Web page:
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January 10, 2017

New York, NY, January 10, 2017 – The Center for Architecture is pleased to announce the first NYC showing of Architecture of Independence – African Modernism, opening on Thursday, February 16, 6:00 PM – 8:00 PM. Featuring nearly 80 buildings, the exhibition explores the complex history and legacy of architecture in Ghana, Senegal, Cote d’Ivoire, Kenya, and Zambia during the 1960s and 1970s. Curated by Manuel Herz and organized by the Vitra Design Museum, Architecture of Independence includes contemporary photography by renowned photographer Iwan Baan and award-winning South African humanitarian photo-documentarian Alexia Webster.

Between 1957 and 1966, 32 countries – almost two thirds of all African nations – gained their independence from colonial powers. In these budding nations, including the five featured in this exhibition, technology and development, including modernist architecture, became tools of liberation and instruments for expressing national identity. The daring and ambitious designs of new buildings, from state banks to convention centers and stadiums, mirrored the optimism and aspirations of the newly liberated states.

While architecture served as a means of expressing a break from the colonial past and positioning themselves on the global stage, only a few local architects, including Pierre Goudiaby Atepa, Chiekh N’Gom, and Pierre Fakhoury, were actually commissioned to design these projects. The architects mainly came from Western countries, including former colonial powers England and France, the United States, Scandinavia, and Israel, and later Eastern Bloc nations like Poland, Hungary, and Yugoslavia. These contradictions reflect the complex nature of post-colonial construction, with myriad sources providing design services and planning expertise to these new nations in collaboration with local planning bureaus, builders, and designers.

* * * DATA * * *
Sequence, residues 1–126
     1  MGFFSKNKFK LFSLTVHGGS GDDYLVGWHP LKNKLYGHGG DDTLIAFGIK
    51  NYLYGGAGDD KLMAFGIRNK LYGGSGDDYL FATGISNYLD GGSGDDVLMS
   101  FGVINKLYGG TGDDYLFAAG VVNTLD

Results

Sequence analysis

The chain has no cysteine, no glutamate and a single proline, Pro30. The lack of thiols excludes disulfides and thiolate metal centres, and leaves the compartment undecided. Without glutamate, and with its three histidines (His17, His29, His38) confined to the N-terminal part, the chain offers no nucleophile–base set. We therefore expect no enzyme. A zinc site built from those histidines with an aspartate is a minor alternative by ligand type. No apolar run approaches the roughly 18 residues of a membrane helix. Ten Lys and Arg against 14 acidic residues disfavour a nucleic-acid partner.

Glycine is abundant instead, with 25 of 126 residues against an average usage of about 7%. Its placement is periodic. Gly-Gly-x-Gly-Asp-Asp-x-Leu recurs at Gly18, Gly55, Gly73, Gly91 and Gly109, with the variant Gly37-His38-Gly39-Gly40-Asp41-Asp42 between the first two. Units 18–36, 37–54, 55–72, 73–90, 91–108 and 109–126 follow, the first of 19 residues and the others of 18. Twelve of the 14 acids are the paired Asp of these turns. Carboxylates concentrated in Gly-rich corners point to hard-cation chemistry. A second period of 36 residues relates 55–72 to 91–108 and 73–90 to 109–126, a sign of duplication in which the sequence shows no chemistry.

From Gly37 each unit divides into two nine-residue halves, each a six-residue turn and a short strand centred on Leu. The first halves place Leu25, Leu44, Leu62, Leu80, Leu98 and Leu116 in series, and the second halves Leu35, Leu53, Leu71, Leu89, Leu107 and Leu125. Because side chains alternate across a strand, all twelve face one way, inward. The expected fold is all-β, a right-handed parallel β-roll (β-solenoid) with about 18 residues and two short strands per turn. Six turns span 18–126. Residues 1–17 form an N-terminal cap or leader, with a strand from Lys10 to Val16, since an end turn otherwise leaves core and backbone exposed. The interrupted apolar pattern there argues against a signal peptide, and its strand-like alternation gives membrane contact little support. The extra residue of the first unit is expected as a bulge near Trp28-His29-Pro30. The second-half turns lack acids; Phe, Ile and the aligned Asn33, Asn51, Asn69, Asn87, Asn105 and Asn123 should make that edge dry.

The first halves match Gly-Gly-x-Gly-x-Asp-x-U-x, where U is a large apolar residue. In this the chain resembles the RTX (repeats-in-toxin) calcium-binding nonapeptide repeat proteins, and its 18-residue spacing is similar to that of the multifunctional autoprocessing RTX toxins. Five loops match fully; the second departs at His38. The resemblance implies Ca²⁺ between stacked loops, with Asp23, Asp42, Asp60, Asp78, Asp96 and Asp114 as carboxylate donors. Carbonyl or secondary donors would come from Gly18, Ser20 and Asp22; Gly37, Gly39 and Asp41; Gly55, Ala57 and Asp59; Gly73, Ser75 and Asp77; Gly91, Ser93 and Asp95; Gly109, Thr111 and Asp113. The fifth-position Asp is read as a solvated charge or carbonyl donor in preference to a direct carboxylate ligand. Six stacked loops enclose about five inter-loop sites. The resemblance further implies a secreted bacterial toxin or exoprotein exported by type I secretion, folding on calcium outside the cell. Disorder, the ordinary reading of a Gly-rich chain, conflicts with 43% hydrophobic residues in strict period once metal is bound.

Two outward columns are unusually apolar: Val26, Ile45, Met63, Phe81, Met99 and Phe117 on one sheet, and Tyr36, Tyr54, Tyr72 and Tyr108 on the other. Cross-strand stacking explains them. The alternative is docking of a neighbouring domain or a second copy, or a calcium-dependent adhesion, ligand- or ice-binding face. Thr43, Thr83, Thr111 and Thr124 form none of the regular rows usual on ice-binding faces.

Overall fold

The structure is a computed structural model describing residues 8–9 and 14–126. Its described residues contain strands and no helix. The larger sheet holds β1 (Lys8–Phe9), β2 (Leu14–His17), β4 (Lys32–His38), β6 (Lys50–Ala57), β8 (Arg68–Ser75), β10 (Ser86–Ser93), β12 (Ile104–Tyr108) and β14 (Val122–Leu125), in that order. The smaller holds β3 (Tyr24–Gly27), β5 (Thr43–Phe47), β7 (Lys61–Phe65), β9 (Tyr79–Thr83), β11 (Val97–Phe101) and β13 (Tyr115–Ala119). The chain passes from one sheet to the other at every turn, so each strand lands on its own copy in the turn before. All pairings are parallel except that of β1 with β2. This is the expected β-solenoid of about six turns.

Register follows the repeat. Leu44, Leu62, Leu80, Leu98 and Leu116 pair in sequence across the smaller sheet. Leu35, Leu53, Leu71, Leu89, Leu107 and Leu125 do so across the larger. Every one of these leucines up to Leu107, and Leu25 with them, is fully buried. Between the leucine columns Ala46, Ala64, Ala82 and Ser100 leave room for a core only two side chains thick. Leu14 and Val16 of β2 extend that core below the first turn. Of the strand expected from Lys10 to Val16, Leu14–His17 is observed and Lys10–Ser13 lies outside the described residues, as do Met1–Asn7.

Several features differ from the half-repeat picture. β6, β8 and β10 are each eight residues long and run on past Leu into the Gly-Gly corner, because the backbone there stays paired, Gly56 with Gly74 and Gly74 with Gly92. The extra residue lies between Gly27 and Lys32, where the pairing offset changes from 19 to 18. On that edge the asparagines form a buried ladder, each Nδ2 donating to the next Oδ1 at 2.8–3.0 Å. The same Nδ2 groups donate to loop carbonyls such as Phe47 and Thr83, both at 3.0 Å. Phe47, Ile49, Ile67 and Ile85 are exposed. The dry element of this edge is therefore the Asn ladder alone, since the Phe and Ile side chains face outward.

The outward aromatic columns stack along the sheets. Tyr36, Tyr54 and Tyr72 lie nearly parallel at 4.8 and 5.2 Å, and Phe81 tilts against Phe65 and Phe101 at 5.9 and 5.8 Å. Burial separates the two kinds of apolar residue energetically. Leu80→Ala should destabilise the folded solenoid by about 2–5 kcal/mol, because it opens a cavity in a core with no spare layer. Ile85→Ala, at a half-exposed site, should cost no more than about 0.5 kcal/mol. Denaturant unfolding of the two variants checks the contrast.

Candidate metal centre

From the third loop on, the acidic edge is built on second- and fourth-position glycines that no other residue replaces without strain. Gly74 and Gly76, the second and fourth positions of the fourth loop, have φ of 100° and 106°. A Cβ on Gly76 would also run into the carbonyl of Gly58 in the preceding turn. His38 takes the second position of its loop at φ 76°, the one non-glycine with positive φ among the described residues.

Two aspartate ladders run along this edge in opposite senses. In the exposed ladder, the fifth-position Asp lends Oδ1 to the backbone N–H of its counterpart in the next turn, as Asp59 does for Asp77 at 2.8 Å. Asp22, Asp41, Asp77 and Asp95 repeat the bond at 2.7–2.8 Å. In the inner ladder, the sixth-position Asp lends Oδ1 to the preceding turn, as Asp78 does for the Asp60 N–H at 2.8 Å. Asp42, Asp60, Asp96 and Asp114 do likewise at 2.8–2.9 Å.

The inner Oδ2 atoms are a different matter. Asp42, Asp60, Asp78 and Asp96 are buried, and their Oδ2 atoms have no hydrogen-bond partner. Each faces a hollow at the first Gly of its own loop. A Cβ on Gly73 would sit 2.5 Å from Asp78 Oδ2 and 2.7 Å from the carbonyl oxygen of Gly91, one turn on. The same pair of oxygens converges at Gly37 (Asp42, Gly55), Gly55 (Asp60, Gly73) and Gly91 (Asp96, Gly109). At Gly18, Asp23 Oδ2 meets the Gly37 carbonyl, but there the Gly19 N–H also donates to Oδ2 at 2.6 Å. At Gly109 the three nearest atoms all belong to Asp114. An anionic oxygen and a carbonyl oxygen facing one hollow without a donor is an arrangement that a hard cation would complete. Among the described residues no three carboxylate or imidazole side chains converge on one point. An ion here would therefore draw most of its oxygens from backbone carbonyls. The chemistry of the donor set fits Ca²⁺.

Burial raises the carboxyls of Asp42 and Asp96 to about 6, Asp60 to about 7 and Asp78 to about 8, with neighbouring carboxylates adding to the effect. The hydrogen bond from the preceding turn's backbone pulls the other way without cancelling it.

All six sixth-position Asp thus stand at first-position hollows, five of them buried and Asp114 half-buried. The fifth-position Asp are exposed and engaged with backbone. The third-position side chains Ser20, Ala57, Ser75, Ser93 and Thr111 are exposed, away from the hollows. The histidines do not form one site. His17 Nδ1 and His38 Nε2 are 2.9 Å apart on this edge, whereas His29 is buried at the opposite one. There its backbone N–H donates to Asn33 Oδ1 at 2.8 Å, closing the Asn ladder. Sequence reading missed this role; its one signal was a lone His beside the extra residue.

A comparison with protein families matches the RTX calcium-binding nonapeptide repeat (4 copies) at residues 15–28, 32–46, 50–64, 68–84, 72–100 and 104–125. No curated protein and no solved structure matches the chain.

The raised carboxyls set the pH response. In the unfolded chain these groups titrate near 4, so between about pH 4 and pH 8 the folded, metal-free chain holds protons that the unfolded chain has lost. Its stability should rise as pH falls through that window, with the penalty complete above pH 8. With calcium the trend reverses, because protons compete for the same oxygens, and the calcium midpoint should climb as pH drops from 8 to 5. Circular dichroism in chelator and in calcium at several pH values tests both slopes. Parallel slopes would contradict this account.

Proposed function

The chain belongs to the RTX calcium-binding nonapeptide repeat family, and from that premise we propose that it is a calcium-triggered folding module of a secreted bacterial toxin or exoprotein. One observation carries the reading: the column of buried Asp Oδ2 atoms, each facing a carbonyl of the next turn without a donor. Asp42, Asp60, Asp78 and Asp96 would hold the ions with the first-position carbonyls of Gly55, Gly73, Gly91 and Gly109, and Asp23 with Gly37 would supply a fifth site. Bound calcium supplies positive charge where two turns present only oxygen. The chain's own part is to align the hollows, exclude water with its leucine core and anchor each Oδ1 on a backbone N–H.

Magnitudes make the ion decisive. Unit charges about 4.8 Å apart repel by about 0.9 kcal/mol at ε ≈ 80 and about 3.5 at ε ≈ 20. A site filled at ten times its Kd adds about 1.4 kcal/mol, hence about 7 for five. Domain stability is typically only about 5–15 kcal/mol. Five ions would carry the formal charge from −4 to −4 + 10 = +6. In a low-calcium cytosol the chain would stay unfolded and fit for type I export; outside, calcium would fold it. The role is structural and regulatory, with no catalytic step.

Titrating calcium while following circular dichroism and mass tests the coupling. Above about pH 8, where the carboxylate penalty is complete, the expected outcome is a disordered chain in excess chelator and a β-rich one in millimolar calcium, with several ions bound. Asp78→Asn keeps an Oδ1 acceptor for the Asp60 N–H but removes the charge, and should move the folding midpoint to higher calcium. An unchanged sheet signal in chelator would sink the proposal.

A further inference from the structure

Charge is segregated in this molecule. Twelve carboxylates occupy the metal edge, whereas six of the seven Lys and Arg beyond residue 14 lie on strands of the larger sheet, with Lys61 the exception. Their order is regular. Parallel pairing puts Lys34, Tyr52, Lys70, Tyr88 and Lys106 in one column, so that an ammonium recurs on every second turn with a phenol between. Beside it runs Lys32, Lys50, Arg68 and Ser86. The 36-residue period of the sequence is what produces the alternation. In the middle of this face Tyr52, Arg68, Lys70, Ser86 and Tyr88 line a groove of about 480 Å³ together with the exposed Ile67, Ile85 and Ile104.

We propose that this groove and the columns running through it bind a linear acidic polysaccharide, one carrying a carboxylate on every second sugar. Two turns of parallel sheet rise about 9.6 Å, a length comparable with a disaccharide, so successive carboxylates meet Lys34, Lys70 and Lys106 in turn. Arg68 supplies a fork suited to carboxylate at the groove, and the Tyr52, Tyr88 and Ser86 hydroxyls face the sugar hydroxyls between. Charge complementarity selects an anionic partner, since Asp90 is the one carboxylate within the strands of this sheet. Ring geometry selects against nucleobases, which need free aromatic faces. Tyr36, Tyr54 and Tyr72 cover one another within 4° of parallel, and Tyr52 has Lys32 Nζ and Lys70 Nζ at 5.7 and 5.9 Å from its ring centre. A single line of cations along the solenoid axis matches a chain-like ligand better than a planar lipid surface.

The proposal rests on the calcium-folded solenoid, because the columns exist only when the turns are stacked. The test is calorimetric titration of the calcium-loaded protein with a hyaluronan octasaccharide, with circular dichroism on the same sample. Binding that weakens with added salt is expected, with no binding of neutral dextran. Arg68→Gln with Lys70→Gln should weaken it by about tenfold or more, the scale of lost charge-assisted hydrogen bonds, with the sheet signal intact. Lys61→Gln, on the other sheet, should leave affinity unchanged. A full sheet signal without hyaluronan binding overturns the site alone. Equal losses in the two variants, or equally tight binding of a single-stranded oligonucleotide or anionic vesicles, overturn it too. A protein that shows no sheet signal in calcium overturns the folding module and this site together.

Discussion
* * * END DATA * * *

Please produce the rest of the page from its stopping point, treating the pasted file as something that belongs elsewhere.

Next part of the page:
Presenting over 700 photographs, as well as archival materials, historical photos, newspaper clippings, postcards, videos, plans, and sketches, Architecture of Independence documents the ambivalences of decolonization, its contradictions, and inconsistencies, but also its ambitions, aims, and aspirations.

The exhibition is based on the book project African Modernism: Architecture of Independence by Manuel Herz in cooperation with the Vitra Design Museum in Weil am Rhein, Germany.


Exhibition Opening
Thursday, February 16, 6:00 PM – 8:00 PM
Remarks by Manuel Herz, Curator, Architecture of Independence

Lecture – African Modernism: Iwan Baan
Wednesday, March 15, 6:00 PM – 8:00 PM
With Iwan Baan, Photographer

Symposium – Architecture of Independence
Saturday, April 22


This exhibition and the public program featuring Iwan Baan are supported as part of the Dutch Culture USA program by the Consulate General of the Netherlands in New York.

This exhibition has received funding through a grant from the Netherland-America Foundation.

This exhibition is supported, in part, by public funds from the New York City Department of Cultural Affairs in partnership with the City Council.

About the Center for Architecture
The Center for Architecture is the premier cultural venue for architecture and the built environment in New York City, informed by the complexity of the City’s urban fabric and in dialogue with the global community. The Center shares a home with the AIA New York Chapter and has the unique advantage of drawing upon the ideas and experiences of practicing architects to produce thought-provoking exhibitions, informative public programs, and quality design education experiences for K-12 students. It also leads New York City’s annual month-long architecture and design festival, Archtober. The Center for Architecture’s aim is to further public knowledge about New York City architecture and architects, foster exchange and collaboration among members of the design, development, building, scholarly, and policy sectors, and inspire new ideas about the role of design in communities by presenting contemporary and practical issues in architecture and urbanism to a general audience.


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